A game for two people, or play online. Given a target number, say 23, and a range of numbers to choose from, say 1-4, players take it in turns to add to the running total to hit their target.

Can you explain the strategy for winning this game with any target?

Choose any 3 digits and make a 6 digit number by repeating the 3 digits in the same order (e.g. 594594). Explain why whatever digits you choose the number will always be divisible by 7, 11 and 13.

Investigate the sum of the numbers on the top and bottom faces of a line of three dice. What do you notice?

In this problem we are looking at sets of parallel sticks that cross each other. What is the least number of crossings you can make? And the greatest?

List any 3 numbers. It is always possible to find a subset of adjacent numbers that add up to a multiple of 3. Can you explain why and prove it?

Find some examples of pairs of numbers such that their sum is a factor of their product. eg. 4 + 12 = 16 and 4 × 12 = 48 and 16 is a factor of 48.

Try entering different sets of numbers in the number pyramids. How does the total at the top change?

Nim-7 game for an adult and child. Who will be the one to take the last counter?

Rectangles are considered different if they vary in size or have different locations. How many different rectangles can be drawn on a chessboard?

The number of plants in Mr McGregor's magic potting shed increases overnight. He'd like to put the same number of plants in each of his gardens, planting one garden each day. How can he do it?

Got It game for an adult and child. How can you play so that you know you will always win?

Charlie has made a Magic V. Can you use his example to make some more? And how about Magic Ls, Ns and Ws?

A three digit number abc is always divisible by 7 when 2a+3b+c is divisible by 7. Why?

Many numbers can be expressed as the sum of two or more consecutive integers. For example, 15=7+8 and 10=1+2+3+4. Can you say which numbers can be expressed in this way?

The NRICH team are always looking for new ways to engage teachers and pupils in problem solving. Here we explain the thinking behind maths trails.

Delight your friends with this cunning trick! Can you explain how it works?

Place the numbers from 1 to 9 in the squares below so that the difference between joined squares is odd. How many different ways can you do this?

Only one side of a two-slice toaster is working. What is the quickest way to toast both sides of three slices of bread?

Here are two kinds of spirals for you to explore. What do you notice?

This challenge, written for the Young Mathematicians' Award, invites you to explore 'centred squares'.

Do you notice anything about the solutions when you add and/or subtract consecutive negative numbers?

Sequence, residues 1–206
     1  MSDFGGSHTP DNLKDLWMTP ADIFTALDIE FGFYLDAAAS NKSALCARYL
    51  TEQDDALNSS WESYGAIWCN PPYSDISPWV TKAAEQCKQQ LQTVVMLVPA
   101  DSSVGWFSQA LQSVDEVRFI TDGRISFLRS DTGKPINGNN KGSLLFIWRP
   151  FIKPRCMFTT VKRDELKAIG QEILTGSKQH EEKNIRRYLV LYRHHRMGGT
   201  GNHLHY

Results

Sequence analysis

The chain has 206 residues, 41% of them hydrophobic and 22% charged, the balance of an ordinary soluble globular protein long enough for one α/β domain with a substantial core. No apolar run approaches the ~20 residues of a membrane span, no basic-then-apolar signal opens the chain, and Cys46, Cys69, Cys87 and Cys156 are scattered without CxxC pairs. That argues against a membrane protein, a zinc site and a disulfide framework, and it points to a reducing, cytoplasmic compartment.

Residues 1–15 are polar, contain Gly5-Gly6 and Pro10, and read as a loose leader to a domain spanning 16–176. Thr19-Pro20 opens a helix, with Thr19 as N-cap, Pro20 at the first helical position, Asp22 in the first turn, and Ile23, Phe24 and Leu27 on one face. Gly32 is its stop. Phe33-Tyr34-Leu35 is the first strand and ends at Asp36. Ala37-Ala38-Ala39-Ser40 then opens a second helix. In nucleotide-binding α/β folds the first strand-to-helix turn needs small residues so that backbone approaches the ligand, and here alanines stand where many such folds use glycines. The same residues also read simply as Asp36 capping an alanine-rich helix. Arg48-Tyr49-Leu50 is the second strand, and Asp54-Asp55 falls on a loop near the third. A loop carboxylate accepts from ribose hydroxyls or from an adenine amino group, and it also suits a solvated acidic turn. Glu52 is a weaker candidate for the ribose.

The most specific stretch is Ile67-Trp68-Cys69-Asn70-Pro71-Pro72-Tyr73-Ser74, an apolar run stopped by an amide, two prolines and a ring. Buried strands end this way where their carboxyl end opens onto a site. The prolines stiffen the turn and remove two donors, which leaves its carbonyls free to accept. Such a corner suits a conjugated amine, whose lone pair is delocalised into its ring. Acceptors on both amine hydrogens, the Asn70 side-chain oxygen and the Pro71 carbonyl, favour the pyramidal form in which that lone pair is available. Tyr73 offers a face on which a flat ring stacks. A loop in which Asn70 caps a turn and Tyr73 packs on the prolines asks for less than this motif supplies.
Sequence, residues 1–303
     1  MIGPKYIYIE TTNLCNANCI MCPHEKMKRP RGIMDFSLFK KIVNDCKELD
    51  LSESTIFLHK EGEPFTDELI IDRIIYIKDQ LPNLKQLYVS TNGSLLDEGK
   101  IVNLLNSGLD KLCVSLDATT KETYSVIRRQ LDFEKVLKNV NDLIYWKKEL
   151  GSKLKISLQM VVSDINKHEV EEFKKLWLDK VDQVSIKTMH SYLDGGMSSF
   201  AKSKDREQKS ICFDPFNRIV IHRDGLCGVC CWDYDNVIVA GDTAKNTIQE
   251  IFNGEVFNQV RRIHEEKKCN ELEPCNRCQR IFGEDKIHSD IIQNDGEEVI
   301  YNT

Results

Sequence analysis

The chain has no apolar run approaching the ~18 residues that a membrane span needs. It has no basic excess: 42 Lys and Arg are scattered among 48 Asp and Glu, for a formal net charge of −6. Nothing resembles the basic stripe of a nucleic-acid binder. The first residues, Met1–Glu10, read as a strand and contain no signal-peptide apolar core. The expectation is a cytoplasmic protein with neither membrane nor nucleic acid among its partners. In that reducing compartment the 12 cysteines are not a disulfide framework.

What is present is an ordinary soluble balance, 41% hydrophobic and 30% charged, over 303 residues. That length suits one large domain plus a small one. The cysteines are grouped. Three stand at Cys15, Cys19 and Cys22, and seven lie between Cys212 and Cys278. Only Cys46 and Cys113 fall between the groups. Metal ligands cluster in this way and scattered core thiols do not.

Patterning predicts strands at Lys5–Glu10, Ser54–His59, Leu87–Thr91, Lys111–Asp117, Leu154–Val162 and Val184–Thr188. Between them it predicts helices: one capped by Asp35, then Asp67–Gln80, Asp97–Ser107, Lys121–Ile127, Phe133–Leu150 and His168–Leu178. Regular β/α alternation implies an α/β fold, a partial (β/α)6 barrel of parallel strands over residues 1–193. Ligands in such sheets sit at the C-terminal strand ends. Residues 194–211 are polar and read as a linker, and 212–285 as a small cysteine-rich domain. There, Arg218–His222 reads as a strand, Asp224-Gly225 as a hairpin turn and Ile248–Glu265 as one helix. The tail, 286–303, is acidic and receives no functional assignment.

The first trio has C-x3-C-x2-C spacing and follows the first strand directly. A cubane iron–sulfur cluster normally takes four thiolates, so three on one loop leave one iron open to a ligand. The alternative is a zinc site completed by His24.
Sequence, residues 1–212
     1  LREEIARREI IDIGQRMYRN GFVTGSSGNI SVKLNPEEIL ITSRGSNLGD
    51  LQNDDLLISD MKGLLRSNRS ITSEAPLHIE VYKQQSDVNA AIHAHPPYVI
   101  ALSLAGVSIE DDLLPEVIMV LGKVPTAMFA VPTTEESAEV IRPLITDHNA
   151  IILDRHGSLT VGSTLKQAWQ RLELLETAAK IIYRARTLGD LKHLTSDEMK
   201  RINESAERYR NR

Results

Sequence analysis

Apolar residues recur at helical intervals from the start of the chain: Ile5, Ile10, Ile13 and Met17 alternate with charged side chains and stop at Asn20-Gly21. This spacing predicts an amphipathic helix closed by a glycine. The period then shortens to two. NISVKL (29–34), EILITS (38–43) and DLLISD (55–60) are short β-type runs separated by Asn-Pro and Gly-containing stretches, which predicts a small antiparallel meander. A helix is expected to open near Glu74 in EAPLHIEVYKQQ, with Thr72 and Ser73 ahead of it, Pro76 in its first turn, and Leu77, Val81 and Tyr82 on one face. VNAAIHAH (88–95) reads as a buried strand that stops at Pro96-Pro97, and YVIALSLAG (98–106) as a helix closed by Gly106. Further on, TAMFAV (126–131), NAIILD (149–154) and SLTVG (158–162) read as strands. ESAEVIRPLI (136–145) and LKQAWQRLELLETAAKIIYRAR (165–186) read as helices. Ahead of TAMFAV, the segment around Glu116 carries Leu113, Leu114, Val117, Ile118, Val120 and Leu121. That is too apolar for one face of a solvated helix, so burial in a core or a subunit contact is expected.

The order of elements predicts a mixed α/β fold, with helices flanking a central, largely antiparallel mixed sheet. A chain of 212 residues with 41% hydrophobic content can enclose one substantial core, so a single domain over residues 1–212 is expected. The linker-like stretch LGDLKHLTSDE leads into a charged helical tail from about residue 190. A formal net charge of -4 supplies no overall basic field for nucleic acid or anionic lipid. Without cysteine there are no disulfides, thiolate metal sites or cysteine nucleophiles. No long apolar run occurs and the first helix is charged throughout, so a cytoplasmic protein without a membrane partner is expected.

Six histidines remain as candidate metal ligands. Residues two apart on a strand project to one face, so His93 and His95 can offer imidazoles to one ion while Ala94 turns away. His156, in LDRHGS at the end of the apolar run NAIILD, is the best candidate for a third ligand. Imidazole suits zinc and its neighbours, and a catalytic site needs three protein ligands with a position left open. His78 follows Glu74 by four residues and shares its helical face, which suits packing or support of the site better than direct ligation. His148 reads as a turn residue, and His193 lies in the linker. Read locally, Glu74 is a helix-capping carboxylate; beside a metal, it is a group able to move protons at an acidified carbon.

Four bags contain a large number of 1s, 3s, 5s and 7s. Pick any ten numbers from the bags above so that their total is 37.

Find out what a "fault-free" rectangle is and try to make some of your own.

Can you see why 2 by 2 could be 5? Can you predict what 2 by 10 will be?

Can you work out how to win this game of Nim? Does it matter if you go first or second?

When number pyramids have a sequence on the bottom layer, some interesting patterns emerge...

Triangle numbers can be represented by a triangular array of squares. What do you notice about the sum of identical triangle numbers?

It's easy to work out the areas of most squares that we meet, but what if they were tilted?

Find the sum and difference between a pair of two-digit numbers. Now find the sum and difference between the sum and difference! What happens?

This challenge encourages you to explore dividing a three-digit number by a single-digit number.

This challenge focuses on finding the sum and difference of pairs of two-digit numbers.

How many moves does it take to swap over some red and blue frogs? Do you have a method?

We can show that (x + 1)² = x² + 2x + 1 by considering the area of an (x + 1) by (x + 1) square. Show in a similar way that (x + 2)² = x² + 4x + 4

Euler discussed whether or not it was possible to stroll around Koenigsberg crossing each of its seven bridges exactly once. Experiment with different numbers of islands and bridges.

Are these statements relating to odd and even numbers always true, sometimes true or never true?

Can you find all the ways to get 15 at the top of this triangle of numbers?

This task follows on from Build it Up and takes the ideas into three dimensions!

Find a route from the outside to the inside of this square, stepping on as many tiles as possible.

What happens if you join every second point on this circle? How about every third point? Try with different steps and see if you can predict what will happen.

Can you dissect an equilateral triangle into 6 smaller ones? What number of smaller equilateral triangles is it NOT possible to dissect a larger equilateral triangle into?

Imagine we have four bags containing numbers from a sequence. What numbers can we make now?

How many ways can you find to do up all four buttons on my coat? How about if I had five buttons? Six ...?

A red square and a blue square overlap so that the corner of the red square rests on the centre of the blue square. Show that, whatever the orientation of the red square, it covers a quarter of the. . . .

Watch this film carefully. Can you find a general rule for explaining when the dot will be this same distance from the horizontal axis?

You can work out the number someone else is thinking of as follows. Ask a friend to think of any natural number less than 100. Then ask them to tell you the remainders when this number is divided by. . . .

Imagine we have four bags containing a large number of 1s, 4s, 7s and 10s. What numbers can we make?

What are the areas of these triangles? What do you notice? Can you generalise to other "families" of triangles?